Dell Curry. I can’t ignore half the DNA in which Steph comes from. As the saying goes, “he is his father’s son.” The Curry’s elite shooting ability is similar to the Manning’s passing skills in the NFL. The father Curry was considered a dead-eye shooter at 40% from 3-point range and 48% from the field during his 16-year career with the Charlotte Hornets, Cleveland Cavaliers, Milwaukee Bucks and Toronto Raptors. His best years came in Charlotte, but his career best 48% 3-point shooting percentage in 1998-99 with the Bucks led the NBA. He obviously shared his knowledge, work ethic and skills with his sons. Even younger brother Seth with the Sacramento Kings has the gift. He’s a career 47% 3-point shooter in his 46 games played over 3 seasons in the NBA. 

I’m not saying any of these guys are better than Steph or not. It’s just they have similarities in certain areas or skills. I do agree with LBJ’s overall point. Never before have we seen anyone DO IT in the way Steph is doing it. As time goes on, many will try to emulate him as the game of basketball evolves.

Just like with those before him, one day we’ll be looking back at Steph as another plot point in the evolution of greatness.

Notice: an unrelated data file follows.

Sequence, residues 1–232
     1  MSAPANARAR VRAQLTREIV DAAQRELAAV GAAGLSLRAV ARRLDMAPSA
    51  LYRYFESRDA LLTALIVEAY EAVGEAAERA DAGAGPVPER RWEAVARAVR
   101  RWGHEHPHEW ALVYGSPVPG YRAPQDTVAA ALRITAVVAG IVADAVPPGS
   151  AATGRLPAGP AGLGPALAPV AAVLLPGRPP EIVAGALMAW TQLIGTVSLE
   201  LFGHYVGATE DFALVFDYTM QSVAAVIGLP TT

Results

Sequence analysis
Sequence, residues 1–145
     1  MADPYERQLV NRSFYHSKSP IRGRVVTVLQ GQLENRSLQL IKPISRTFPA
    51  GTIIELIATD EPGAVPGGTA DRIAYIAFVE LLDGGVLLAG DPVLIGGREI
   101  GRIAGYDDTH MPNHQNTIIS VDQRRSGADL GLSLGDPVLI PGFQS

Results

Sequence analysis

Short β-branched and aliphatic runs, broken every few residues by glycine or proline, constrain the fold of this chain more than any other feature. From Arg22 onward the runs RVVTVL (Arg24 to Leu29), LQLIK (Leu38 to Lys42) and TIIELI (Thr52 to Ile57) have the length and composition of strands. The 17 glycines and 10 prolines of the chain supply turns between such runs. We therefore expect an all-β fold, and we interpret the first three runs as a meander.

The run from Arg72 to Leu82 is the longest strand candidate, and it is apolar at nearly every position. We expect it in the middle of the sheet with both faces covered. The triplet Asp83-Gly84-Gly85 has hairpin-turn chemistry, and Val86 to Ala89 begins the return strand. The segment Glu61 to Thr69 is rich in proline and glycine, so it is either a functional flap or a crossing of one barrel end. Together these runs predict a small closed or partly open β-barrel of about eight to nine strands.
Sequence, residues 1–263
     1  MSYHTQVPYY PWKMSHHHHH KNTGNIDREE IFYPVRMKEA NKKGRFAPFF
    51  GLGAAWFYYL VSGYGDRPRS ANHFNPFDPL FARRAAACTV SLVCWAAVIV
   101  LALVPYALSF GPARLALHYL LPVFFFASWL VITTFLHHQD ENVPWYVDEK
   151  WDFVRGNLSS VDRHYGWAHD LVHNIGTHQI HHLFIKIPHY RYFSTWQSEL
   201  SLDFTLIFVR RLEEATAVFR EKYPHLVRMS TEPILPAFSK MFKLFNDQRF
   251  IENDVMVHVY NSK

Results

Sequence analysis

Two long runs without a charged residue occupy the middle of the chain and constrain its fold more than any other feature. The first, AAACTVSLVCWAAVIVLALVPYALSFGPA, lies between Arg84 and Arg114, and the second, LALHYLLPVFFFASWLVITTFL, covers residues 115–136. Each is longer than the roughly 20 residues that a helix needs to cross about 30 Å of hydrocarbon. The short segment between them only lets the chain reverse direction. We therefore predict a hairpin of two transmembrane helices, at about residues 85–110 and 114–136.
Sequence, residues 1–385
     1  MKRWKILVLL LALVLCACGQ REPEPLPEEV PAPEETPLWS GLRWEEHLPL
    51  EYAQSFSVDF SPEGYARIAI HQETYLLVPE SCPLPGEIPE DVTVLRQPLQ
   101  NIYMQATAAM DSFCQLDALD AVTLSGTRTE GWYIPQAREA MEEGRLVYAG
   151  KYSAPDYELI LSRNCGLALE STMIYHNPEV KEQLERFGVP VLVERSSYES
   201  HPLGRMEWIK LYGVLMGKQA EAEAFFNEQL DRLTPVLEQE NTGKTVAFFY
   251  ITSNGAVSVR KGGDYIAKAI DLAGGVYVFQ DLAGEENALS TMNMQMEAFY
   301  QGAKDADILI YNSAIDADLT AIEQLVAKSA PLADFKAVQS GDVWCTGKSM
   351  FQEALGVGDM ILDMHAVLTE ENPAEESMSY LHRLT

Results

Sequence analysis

Blow up the NBA Playoffs: What if the NBA Went With the Best 16 Teams?


Commissioner Adam Silver needs to use his executive powers to fix the NBA Playoff format.

The NBA is considering revising the Playoffs to include the 16 teams with the best record regardless of conference affiliation. This isn’t a new thought process, but it’s gaining more steam in the past couple of years due to the outcry that teams with losing records are getting into the playoffs in the Eastern conference bracket and a couple teams above .500 being eliminated from the playoffs on the Western conference side.

Commissioner Adam Silver has said he’s open to the idea of revamping the current playoff structure. Last Wednesday night speaking on Comcast SportsNet Bay Area during the Dallas Mavericks and Golden State Warriors game, the Commissioner said “we want to see our best teams in the playoffs.” That doesn’t always happen under the current format.